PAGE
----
A media magnate being grilled and a prime minister called into
question. As the drama unfurled in London and millions watched
News Corp chief Rupert Murdoch and British Prime Minister David
Cameron explaining their stance on media ethics and government
accountability, questions were asked whether there were any
lessons in it for Indian media and their growing influence over
the nation's public life and polity.
When Murdoch's News of the World (NOTW) unceremoniously exited
from the world tabloid space after it was found that some of its
journalists hacked phones of a dead 13-year-old girl and 9/11
victims - all for some heartfelt stories - outrage followed. What
also followed in quick succession were apologies and resignations
from top police officers and others.
In India, with its long tradition of a free and vibrant media, the
questions that followed were inevitable. Innovative stings and
advanced techniques of phone tapping were still virgin territory
for much of the media, struggling with low budgets, but the larger
lessons were the same.
What is needed is some self-introspection, said veteran journalist
Kuldip Nayar. He believes the situation in Indian media is not as
bad as in the West, "but the press is not that free because of
corporate ownership of media houses".
Bias, lies, paid news, plagiarism, political leanings and
corporatisation are increasingly entering the public domain. And
they all came together with the disclosure of the Niira Radia
tapes that gave an insight into the symbiotic relationship among
journalists, corporates, politicians and public relations
The transcripts, released in November 2010 by Open and Outlook
magazines, relate to conversations corporate lobbyist Radia had
with a series of people, including journalists Barkha Dutt and Vir
Sanghvi, raising questions about media ethics and the cosy
relationship that journalists often enjoyed with politicians.
But the fact that no action was taken against the reporters in
question "is a typical example of how nothing really happens in
the end in India", said Sashi Nair of Chennai's Press Institute of
"...Barkha Dutt never really went away. Sometimes, we must apply
the same yardstick to ourselves by which we judge politicians,"
Nair told IANS.
"Except N. Ram (editor-in-chief of The Hindu) mentioning that had
it been the NYT (New York Times) or the WSJ (Wall Street Journal)
or the Guardian would they have tolerated such behaviour, nobody
else really said anything significant," he added.
As the world witnessed the rare spectacle of a media tycoon being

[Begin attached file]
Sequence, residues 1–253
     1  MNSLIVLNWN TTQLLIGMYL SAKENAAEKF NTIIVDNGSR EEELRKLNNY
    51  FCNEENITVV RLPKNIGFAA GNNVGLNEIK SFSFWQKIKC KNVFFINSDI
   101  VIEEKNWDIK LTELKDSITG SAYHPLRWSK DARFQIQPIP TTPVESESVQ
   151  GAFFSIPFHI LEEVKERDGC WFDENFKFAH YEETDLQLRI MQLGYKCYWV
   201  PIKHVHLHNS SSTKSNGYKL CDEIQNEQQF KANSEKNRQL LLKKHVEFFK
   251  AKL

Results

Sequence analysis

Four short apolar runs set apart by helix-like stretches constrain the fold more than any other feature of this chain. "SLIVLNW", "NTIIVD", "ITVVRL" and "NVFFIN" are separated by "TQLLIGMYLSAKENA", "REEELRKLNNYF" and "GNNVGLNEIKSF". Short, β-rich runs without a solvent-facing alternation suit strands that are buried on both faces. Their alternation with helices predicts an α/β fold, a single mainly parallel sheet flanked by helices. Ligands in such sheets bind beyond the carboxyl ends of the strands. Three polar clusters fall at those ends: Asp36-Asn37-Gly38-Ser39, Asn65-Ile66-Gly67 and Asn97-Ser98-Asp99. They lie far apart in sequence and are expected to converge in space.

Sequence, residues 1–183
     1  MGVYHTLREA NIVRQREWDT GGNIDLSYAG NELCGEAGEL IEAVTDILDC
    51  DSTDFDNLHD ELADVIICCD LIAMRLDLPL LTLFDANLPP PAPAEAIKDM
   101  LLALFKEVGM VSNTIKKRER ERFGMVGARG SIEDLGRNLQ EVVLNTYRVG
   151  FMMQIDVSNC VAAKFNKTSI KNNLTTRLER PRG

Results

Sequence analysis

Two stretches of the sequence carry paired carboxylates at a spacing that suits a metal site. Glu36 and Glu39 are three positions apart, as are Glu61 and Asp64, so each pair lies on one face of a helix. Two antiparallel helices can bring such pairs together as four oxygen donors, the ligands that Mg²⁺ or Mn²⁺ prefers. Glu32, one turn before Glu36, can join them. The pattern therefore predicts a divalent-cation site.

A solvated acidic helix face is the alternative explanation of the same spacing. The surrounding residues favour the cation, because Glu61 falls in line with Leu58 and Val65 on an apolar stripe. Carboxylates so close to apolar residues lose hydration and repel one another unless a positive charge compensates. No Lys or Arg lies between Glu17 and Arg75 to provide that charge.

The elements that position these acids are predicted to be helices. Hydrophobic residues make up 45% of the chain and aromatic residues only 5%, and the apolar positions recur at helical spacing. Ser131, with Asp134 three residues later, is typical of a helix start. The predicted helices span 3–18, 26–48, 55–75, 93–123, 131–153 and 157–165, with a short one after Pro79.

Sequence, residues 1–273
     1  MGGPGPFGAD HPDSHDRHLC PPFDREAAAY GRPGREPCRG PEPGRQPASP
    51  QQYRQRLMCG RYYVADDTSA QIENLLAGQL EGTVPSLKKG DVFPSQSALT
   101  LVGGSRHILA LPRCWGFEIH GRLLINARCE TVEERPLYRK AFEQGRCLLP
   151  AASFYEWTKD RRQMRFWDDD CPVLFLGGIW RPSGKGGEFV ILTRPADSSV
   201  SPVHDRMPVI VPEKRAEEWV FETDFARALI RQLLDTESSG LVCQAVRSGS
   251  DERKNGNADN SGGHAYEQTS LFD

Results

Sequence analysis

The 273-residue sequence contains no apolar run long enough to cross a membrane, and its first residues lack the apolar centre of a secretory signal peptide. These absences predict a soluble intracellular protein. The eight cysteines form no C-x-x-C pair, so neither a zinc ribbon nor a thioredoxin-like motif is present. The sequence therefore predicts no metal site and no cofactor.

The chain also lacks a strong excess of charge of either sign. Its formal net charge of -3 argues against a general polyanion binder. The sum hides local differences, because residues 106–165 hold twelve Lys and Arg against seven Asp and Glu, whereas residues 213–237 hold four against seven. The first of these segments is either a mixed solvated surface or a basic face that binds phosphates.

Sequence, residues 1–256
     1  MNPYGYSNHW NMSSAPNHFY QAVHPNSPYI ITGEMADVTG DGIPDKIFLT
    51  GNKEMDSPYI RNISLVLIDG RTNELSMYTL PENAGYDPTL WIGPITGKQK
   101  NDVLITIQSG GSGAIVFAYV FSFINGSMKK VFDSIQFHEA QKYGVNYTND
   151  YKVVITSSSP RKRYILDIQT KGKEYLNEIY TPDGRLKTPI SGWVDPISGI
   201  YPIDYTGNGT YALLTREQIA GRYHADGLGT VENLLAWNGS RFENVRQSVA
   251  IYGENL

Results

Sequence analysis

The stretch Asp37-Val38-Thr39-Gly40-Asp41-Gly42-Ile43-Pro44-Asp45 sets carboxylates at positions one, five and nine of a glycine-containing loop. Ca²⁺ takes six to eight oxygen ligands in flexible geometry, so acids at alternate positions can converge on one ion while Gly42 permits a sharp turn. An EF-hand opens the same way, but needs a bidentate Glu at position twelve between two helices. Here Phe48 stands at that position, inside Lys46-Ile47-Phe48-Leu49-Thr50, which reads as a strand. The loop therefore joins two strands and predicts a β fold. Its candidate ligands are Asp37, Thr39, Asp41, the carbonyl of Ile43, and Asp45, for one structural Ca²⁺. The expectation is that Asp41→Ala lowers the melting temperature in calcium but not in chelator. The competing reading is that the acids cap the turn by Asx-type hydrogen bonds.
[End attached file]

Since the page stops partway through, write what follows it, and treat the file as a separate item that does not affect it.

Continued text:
ruthlessly questioned under public scrutiny in London, it's
difficult to say that the press can be ever held accountable like
that in India, say experts.
"I don't see it happening... We don't have a system of televised
hearings, and I don't think we have media barons who think they
owe the public an explanation for what their papers or channels
do," media analyst Sevanti Ninan, who runs a media watchdog The
Hoot, told IANS.
Sashi Nair agreed, saying India was not mature enough for the kind
of transparency one has seen in Britain.
However, Aniruddha Bahal, who launched the Tehelka website with
Tarun Tejpal and introduced India to sting operations by exposing
match-fixing and graft in awarding defence deals, had a slightly
"Well, grilling is a common phenomenon in India as well. I was
grilled by both the Rajya Sabha and Lok Sabha over our
cash-for-questions story in 2005. The only difference is that it
wasn't telecast live," said Bahal, now the editor of online
investigation portal cobrapost.com.
The cash-for-questions case, or Operation Duryodhana, a
Cobrapost-Aaj Tak investigation, busted 11 MPs accepting monies
for asking questions in parliament.
The jury is also still out on whether sting operations are a
While Ninan believes they are justified "only in a situation where
there is substantial public interest at stake", Nair is completely
"Let the media get stories done by reporters in the normal course.
Sting operations can be done by government or investigative
agencies when required and as per law," he said.
Ninan cites the examples of "NDTV sting operation in the BMW case
or the tapping of corporate lobbyist Radia's phone which showed
that corporates were seeking to influence ministerial
appointments" as the perfect examples in the legitimate category.
The NDTV sting alleged collusion between the prosecution and
defence counsel to help Sanjeev Nanda, accused of killing six
people with a BMW car in a 1999 hit-and-run case.
Bahal also draws the line between stings and phone hacking. Phone
tapping, he said, is illegal as it "implies a third party
interception of a conversation between two people using illegal
In a sting, "the reporter is shooting a conversation or scene in
which he is present. He is there with an editorial intent exposing
something which would be in public interest".
The jury is out on that one too.
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